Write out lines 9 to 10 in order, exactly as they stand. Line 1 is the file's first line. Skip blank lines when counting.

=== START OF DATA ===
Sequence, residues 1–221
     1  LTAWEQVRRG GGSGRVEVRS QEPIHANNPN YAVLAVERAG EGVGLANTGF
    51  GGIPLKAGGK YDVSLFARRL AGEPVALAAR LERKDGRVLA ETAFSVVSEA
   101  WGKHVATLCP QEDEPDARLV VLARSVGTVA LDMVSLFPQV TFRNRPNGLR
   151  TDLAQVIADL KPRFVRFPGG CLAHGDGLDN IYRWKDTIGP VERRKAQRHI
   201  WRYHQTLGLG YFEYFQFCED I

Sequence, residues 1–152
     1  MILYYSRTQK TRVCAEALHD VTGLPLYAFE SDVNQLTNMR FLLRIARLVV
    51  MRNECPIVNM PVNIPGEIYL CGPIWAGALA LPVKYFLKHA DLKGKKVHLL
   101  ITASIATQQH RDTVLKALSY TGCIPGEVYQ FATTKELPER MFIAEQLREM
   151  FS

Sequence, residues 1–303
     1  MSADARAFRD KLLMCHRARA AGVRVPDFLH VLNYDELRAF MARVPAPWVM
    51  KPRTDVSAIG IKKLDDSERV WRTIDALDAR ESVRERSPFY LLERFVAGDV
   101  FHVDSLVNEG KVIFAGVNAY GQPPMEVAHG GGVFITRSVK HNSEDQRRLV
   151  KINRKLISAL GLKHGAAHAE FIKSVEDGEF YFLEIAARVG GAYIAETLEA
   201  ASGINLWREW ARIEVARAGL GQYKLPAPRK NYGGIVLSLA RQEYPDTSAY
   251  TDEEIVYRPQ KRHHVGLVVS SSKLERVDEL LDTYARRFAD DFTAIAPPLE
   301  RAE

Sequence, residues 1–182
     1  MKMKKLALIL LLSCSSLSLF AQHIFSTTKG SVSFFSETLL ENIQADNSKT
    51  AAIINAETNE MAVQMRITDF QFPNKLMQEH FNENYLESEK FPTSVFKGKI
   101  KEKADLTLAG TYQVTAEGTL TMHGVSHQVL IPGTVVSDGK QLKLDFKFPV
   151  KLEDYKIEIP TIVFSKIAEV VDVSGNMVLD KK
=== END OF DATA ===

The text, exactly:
    51  MRNECPIVNM PVNIPGEIYL CGPIWAGALA LPVKYFLKHA DLKGKKVHLL
   101  ITASIATQQH RDTVLKALSY TGCIPGEVYQ FATTKELPER MFIAEQLREM